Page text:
Sunday, June 05, 2005

Fishing can teach us to be better parents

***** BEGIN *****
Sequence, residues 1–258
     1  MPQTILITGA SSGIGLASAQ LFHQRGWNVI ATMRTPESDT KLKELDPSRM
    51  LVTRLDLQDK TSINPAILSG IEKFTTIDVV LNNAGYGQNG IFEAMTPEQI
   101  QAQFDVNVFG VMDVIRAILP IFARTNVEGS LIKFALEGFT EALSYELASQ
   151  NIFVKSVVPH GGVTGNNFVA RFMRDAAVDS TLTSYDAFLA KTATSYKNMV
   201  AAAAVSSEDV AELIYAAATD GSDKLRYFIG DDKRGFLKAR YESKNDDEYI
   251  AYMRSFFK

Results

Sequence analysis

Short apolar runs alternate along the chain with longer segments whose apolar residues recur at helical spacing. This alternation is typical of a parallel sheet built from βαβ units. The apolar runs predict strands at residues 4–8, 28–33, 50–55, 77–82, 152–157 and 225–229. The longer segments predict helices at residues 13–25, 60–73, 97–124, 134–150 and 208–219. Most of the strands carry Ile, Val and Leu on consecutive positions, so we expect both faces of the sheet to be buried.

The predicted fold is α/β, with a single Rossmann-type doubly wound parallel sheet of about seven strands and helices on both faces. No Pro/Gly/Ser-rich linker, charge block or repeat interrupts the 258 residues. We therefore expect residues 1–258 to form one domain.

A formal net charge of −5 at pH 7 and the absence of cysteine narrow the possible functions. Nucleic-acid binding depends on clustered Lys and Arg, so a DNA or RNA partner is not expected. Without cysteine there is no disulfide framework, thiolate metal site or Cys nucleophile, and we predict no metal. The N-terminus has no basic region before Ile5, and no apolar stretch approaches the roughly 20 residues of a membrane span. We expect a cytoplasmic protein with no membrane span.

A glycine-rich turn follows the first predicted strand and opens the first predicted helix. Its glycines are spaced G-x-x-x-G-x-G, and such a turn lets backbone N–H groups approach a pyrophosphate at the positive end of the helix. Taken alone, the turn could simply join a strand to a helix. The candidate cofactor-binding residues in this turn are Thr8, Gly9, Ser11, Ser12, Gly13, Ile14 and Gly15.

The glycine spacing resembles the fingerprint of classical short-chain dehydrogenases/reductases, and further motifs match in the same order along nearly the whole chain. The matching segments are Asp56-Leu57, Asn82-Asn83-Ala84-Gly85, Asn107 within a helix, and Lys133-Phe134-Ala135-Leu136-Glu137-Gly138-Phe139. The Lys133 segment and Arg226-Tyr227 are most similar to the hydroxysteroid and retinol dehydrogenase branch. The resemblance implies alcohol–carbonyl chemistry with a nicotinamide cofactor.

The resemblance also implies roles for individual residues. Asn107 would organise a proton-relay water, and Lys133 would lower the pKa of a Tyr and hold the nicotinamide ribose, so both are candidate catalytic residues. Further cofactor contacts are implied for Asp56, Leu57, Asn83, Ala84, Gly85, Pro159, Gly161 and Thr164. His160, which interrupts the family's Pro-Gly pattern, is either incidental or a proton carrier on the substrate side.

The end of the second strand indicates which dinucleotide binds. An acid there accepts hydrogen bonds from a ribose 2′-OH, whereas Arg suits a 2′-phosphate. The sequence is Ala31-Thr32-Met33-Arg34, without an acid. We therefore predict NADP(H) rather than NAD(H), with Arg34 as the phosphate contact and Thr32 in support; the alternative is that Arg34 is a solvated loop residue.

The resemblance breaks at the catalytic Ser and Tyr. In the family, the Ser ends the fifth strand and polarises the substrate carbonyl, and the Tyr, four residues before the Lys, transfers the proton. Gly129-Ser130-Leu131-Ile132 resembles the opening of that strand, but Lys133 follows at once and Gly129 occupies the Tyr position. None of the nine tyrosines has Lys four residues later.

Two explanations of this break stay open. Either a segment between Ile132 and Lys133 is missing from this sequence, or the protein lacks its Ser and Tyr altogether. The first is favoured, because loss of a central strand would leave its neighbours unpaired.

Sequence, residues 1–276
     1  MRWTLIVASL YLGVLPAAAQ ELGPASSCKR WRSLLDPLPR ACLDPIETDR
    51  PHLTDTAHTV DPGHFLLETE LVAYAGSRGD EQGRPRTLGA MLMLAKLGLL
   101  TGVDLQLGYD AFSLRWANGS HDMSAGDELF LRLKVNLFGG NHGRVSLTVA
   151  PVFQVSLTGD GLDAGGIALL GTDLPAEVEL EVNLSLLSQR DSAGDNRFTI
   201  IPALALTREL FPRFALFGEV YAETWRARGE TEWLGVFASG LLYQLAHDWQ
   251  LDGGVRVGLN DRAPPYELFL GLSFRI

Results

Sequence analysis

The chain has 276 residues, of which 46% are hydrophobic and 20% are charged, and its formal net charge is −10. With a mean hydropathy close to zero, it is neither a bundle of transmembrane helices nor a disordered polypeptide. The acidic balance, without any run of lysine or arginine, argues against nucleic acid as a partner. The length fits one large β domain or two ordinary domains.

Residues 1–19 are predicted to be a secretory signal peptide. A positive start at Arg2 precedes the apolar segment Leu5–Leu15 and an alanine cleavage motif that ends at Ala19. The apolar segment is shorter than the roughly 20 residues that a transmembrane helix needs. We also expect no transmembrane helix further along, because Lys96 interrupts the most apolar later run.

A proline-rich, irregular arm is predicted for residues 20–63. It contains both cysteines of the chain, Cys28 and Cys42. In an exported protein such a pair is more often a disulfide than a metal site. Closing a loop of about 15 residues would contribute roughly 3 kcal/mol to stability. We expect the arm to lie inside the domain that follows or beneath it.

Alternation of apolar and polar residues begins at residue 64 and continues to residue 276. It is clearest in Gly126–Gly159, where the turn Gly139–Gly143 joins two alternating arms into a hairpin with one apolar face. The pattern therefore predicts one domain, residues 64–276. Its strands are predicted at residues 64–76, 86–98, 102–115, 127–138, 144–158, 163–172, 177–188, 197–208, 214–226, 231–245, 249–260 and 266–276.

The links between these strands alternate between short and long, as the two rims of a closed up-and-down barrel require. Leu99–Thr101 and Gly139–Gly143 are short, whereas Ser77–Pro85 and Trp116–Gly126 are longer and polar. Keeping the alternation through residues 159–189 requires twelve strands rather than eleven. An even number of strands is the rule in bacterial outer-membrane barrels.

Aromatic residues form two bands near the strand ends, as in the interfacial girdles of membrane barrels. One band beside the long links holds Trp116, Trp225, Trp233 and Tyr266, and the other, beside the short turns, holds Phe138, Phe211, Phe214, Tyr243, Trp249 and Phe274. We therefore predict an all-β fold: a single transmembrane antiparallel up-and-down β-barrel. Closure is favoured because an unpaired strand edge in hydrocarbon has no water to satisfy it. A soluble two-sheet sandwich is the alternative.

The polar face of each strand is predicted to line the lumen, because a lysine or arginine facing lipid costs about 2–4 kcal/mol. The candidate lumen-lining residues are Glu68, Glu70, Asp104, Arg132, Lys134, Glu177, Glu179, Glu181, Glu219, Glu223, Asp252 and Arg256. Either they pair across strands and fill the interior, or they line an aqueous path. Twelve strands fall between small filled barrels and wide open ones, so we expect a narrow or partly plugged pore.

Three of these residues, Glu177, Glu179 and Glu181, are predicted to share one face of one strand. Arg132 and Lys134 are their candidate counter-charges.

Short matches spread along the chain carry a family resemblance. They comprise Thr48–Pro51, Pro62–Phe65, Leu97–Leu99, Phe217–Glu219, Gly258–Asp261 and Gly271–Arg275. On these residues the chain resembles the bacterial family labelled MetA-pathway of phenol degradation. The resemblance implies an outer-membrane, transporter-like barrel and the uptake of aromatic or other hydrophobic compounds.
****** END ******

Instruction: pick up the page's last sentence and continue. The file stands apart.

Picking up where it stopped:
Fishing can teach us to be better parents COMMENTARY By LOUIE STOUT Jim Bollinger doesn't need the Recreational Boating and Fishing Foundation (RBFF) to remind him how important fishing is to kids. His eight-year-old son Joshua made that clear a few weeks ago. Jim is a veteran South Bend car salesman and an avid angler. And if you know anything about the car business, you work on commission and have to budget for the peaks and valleys. And for the Bollingers, this has been a deep valley. A budget adjustment was in order. "Eileen and I put Josh to bed one night and sat down to discuss how we could cut expenses," Bollinger recalled. "It became apparent that we needed to sell the boat, eliminate a payment and put more cash back into the family." The decision was made. He'd hang a "for sale" sign on the fishing rig the next day. "As we headed for bed, I heard Joshua crying," said Bollinger. "I walked into his bedroom and saw him sobbing in his pillow." Dad sat on the edge of the bed and asked the youngster what was wrong. "I heard you talking to mom about selling the boat," sobbed the youngster. "I love that boat, dad, and when you bought it, you said that you and I could fish forever. Now we can't." That ended plans to sell the boat. Budget cuts would be made elsewhere. "Every once in awhile, God gives us a slap in the face and this one registered loud and clear," said Bollinger. "I didn't realize that fishing was that important to him, but I do now." The Recreational Boating and Fishing Foundation wants other adults to get the message. National Fishing and Boating Week kicked off Saturday and runs through June 12. "It's time to get Americans back to fishing, especially our youth," said RBFF spokesman Gary Dollahon. "Kids need to get off the couch, away from the X-Box and logged out of the chat rooms." He's right. A U.S. Fish and Wildlife Survey shows a 4 percent decline in fishing participants. Fewer anglers mean fewer dollars for boat ramps, stocking programs and fish management activities. And if you look around the lakes, you don't see as many kids fishing as you once did. That's sad. "Most people learn to fish from a parent or grandparent, but many kids are missing out on that today," said Dollahon. Fishing isn't always about the catching, he added. Two thirds of anglers surveyed by the RBFF said a key reason they enjoy fishing is it gives the family an opportunity to connect. I can vouch for that. Like Joshua, my son Jason delivered me a thoughtful message during our first ice fishing outing 25 years ago. We plodded through 100 yards of knee-deep snow to reach a pond filled with bluegill. Jason, who is mildly handicapped, insisted on carrying a bucket filled with rods while I lugged other gear. He frequently tumbled face down into snow -- spilling the bucket of its contents -- only to come up laughing each time. I failed to see the humor in that or the dozens of line tangles that he managed to create the rest of the afternoon. There was no time for me to fish, as a school of four-inch bluegills bit Jason's wax worm every time I managed to unravel his line and dunk it back into the hole. "Boy, dad, you better get busy fishing," Jason chided. "I've got 10 and you don't have any!" As darkness approached, we gathered our gear and headed for the car. My patience was worn to the bone by his endless questions and mishaps. My temper flared more than once. As we climbed the snowy hill, we stopped to catch our breath. As I squatted against a tree, Jason snuggled against me and threw his arm around my neck. "Thanks for taking me today and showing me everything I need to know about ice fishing," he beamed. "Cause now, when I become a dad, I can teach my son everything he needs to know about fishing." It was then that I realized this trip wasn't about me teaching him to fish. It was about me learning to be a father. Take a kid fishing this week and you may learn something, too.

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